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The Public, the Press, and Palin

The American people ignore the media.

12:00 AM, Sep 3, 2008 • By LAWRENCE B. LINDSEY
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Television viewers would have been hard pressed to find media commentary in the last few days that was, on balance, favorable to Republican Vice Presidential nominee Sarah Palin. It ranged from the appallingly biased on MSNBC which ran a "Breaking News" subheading as McCain was about to introduce her: "How Many Houses Does Palin Bring to the Republican Ticket?" through the obvious references to the Religious Right liking her "extreme anti-abortion" views to the universal observation that her pick "Destroys
the key argument that Republicans have made about Barack Obama: experience." This last point is reiterated by nearly everyone who has served a long time in Washington, media, pundit, or former office holder.

Despite this, the poll numbers show a modestly positive initial response by the public at large. Gallup found her favorable to unfavorable score as 39-33 (billed on MSNBC as "only 39 percent support for Palin"). Rasmussen found that the public thought McCain had made the right choice, not the wrong choice by 40-32. Aside from her own speech at the announcement of her candidacy, the public got all of its information about her from the media, having no idea about her before the announcement. How can negative media coincide with positive public reaction?

First, the public is generally not moved by the Experience argument. Recall that experience was not primarily used by Republicans this year. (Their narrative is that Obama is an elitist out of touch with real America and possibly somewhat of a megalomaniac). The Experience argument was actually the main argument made by Hillary Clinton--remember "Ready to Be President on Day One" and the famous "Phone
Call at 3 a.m." advertisements? It didn't work. And given that it didn't work, Bill Clinton reminded everyone at the Democratic convention that they said he lacked experience too, and that his Presidency turned out well. The Experience argument doesn't work because the public thinks that experience making real life decisions is more important than knowing the difference between Saakashvili and Shalikashvili, or similar trivia. (Hint: the former is the President of Georgia, the latter Chairman of the Joint Chiefs under Clinton and a critic of the Iraq War.)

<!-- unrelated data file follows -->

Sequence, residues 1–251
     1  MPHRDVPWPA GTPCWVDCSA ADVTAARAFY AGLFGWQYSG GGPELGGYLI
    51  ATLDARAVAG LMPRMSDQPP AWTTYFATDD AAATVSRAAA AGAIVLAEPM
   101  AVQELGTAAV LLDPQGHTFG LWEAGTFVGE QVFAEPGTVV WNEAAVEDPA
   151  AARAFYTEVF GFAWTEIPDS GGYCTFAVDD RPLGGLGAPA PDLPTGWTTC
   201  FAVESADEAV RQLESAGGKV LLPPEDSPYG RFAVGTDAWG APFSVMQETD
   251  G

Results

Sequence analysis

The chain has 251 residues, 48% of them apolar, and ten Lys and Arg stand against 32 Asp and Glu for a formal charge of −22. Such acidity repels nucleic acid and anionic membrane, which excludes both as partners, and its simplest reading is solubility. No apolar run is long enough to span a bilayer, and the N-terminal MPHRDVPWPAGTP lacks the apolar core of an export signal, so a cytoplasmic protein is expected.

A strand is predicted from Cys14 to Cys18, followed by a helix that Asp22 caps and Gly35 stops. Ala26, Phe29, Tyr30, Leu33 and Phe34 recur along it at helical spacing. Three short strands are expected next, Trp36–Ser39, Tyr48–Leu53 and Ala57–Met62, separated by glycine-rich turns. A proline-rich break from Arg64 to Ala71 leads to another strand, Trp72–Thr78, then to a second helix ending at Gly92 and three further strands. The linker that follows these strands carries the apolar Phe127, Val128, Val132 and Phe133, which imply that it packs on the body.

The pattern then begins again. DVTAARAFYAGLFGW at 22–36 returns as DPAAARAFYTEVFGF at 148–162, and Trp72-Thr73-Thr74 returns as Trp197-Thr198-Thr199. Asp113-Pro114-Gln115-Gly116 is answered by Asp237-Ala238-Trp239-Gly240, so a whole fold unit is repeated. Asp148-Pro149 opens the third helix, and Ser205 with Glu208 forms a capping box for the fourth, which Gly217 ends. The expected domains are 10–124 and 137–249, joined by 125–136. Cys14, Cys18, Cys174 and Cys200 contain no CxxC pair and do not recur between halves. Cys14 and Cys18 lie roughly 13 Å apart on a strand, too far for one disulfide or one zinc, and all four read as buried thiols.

Second, the public doesn't really buy into the media and establishment view of ideology. Sarah Palin is clearly pro-life. She was so pro-life that she carried a Down Syndrome fetus to term despite the usual medical pressure to have him aborted. To the pro-choice media and establishment this only proves she is an extremist on the abortion issue. To most people who fall in the middle, this says "here is a woman who is true to her convictions." But, nowhere does the standard media narrative about America break down more than on her "feminist" posture. The standard media and establishment argument is that she really can't be a feminist because she is pro-life. But, the public saw a rather rugged husband who gave up his 20-year stint as an oil worker for BP to become the primary care giver for their five children when she became Governor. To real people making real life decisions, that is a powerful statement about gender issues. In the Rasmussen data, Palin did quite well among middle income middle educated people while losing folks at the top.

Despite this initial reaction, the odds are against a candidate who bucks the media and the establishment, since they control the narrative going to the public. For McCain to win, Palin is going to have to do well when the media is not in total control--principally at the October 2 vice presidential debate against Joe Biden, which will be a substantial challenge for her. She has one other asset. The polls show that the public thinks that media bias in the election is far more dangerous than the influence of money in an election, and by a margins ranging from three to one to five to one identify the media as being pro-Obama. That may also be why Palin is doing okay with the public while losing the media.

Lawrence B. Lindsey is the author of What a President Should Know .  .  . but Most Learn Too Late (Rowman and Littlefield).